Falafel Fracas: Haji-Baba vs. Al-Hana at Baiz Market
Anyone who's had a foray into vegetarianism or traveled around Europe on a budget has made fast friends with the falafel sandwich. It's cheap, filling, and easy to eat on the go, with a pita outside to hold the lightly fried chickpea goodness on the inside.
Heather Hoch An old favorite -- but which is the best falafel sandwich?
Other famous falafel companions include tahini, tzatziki, pickles, tomatoes, lettuce, and parsley, but the innards rely heavily on who's assembling the sandwich. A good falafel ball is crispy on the outside, but still moist and smushy on the inside and with generous seasoning. This week, we're pitting two of our favorite falafel joints against each other to see who serves the best sandwich.
In This Corner: Haji-Baba
Heather Hoch Haji-Baba's thick pita and tahini-soaked falafel, with a side of tzatziki.
The Setup: Don't let appearances fool you. The goofy sand dune and rubble mural that seems to have been painted in the era that its set, along with the plain Jane tables and chairs, make Haji-Baba appear as though it doesn't have a lot to offer. But the freshly prepared gyros and flavorful foul moudammas prove otherwise.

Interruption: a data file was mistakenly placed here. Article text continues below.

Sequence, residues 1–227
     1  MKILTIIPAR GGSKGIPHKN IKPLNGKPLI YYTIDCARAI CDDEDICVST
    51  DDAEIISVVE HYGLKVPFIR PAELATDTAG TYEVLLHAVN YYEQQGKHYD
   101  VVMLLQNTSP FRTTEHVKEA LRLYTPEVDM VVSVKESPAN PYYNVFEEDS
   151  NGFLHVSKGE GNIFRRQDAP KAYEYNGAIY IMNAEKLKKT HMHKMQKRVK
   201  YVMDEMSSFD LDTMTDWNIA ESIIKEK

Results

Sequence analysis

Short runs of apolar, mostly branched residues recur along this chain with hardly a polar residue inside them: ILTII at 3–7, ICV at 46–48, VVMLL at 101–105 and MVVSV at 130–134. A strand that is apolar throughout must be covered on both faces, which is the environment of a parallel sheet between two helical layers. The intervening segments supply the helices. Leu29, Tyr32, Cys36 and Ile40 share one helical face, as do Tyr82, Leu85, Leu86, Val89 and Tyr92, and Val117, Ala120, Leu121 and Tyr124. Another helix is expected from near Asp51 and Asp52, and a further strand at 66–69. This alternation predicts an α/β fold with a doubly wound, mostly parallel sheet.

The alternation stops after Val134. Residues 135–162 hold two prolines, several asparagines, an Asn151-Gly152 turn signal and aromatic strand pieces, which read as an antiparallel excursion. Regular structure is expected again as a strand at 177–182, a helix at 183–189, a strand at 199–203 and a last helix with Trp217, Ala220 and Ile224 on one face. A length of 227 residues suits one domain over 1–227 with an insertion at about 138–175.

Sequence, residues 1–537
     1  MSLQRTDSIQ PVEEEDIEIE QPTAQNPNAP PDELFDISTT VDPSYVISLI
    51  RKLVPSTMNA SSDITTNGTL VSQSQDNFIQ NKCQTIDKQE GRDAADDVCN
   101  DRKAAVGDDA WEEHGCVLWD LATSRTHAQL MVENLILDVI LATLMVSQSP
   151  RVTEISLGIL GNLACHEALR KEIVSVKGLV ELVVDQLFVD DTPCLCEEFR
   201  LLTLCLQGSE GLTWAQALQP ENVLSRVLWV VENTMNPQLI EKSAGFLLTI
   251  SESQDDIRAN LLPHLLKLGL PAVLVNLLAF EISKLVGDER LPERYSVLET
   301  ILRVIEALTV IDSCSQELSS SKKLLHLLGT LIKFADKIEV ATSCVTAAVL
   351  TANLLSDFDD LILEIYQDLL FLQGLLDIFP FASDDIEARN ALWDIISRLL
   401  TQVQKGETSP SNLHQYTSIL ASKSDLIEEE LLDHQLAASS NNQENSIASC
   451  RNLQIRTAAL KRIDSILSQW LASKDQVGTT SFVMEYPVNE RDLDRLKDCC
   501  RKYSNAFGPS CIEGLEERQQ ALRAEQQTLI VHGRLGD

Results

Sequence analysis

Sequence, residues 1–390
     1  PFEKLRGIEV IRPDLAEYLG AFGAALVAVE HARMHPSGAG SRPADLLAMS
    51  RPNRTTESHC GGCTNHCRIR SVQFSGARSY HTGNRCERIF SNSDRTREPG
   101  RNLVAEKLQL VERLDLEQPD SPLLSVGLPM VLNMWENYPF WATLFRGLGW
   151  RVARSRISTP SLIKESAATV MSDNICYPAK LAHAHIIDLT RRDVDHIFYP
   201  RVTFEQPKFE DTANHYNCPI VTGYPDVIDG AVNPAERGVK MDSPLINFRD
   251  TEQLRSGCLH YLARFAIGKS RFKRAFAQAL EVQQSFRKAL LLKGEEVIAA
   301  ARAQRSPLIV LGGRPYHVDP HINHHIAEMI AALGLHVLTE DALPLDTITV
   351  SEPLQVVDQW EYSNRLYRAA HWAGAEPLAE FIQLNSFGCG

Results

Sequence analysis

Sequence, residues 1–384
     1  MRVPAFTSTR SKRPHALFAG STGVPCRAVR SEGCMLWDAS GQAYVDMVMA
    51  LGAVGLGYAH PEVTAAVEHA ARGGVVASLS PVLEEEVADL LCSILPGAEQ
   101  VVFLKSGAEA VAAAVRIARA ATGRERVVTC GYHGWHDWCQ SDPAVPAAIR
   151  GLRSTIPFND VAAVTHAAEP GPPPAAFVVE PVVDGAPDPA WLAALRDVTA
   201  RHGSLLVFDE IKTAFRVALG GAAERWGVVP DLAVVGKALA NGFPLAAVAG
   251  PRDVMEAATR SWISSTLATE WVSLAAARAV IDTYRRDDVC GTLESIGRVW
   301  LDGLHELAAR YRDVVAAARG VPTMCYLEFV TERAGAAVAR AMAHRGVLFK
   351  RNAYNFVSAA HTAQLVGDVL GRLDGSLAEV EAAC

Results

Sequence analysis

The Good: Following the tradition of falafel sandwiches, Haji Baba serves its cheap (under $4) and quick. If you know to ask for it on handmade pita, you'll have a better wrap. The simple sandwich is also larger and more filling than most others we've had.
The Bad: The falafel is a little on the dry side compared to others in town. Plus the wrapping techniques leaves something to be desired -- along with a puddle of tahini on your lap.